Except, not really. I mean, not if you want to actually be scared. The classic monster – Victor Frankenstein’s creation – has pretty much lost all power to frighten; it’s more a focus of pity than anything else. Vampires have been morphing from figures of fear to objects of desire – arguably since Anne Rice’s Interview with the Vampire, maybe longer – and now that they sparkle in the daylight and go to high school, their teeth have been more or less pulled (pun very much intended). Werewolves? Well . . . nice as metaphors but again, they tend to work more as objects of sympathy than terror. I’ll give you ghosts, though. There are some really atmospheric and scary ghost stories around.
So where does the SF Gateway go for a good dose of the scares? Well, apart from the 10 O’Clock News, which always seems to have a full quota of horrors, it seems that all the best monsters are human, these days. Or, at least, that’s how they appear . . .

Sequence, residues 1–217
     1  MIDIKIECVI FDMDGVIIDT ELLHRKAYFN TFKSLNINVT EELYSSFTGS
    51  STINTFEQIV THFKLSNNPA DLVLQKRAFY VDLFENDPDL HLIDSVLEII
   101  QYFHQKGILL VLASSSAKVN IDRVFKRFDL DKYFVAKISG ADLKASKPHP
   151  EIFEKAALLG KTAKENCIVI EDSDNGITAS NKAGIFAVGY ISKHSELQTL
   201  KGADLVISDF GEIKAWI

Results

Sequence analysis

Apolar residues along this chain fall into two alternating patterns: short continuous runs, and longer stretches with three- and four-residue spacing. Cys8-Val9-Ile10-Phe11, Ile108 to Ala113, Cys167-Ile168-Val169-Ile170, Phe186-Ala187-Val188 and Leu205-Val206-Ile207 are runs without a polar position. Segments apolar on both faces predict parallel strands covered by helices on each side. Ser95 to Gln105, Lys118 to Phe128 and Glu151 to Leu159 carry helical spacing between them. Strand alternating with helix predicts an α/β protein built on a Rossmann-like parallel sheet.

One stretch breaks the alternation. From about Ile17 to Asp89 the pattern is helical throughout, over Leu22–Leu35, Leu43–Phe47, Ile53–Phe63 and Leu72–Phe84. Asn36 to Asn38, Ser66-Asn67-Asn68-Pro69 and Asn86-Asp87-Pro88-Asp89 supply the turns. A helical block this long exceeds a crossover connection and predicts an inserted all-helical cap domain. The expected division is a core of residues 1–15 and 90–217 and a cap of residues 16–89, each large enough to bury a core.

Come back with us to 1938 and one of the most terrifying novellas in SF’s history: John W. Campbell‘s Who Goes There?. Filmed as The Thing – in 1951 (bad) and 1982 (good) – Who Goes There? features an isolated group of scientific researchers in the Antarctic, who stumble across an alien spaceship buried in the ice. They transport the creature back to their base only to find they’ve unleashed a predatory shapeshifter into their claustrophobic, fragile world. The sense of tension and paranoia induced by Campbell – who would go on to become arguably the most influentical editor in the history of SF – is almost unbearable, and certainly more terrifying than an army of sparkly vampires.
So, if anyone wants to know: that’s what we’ll be reading this Hallowe’en, before going to sleep. With the light on.
What? It’s a perfectly valid precaution . . .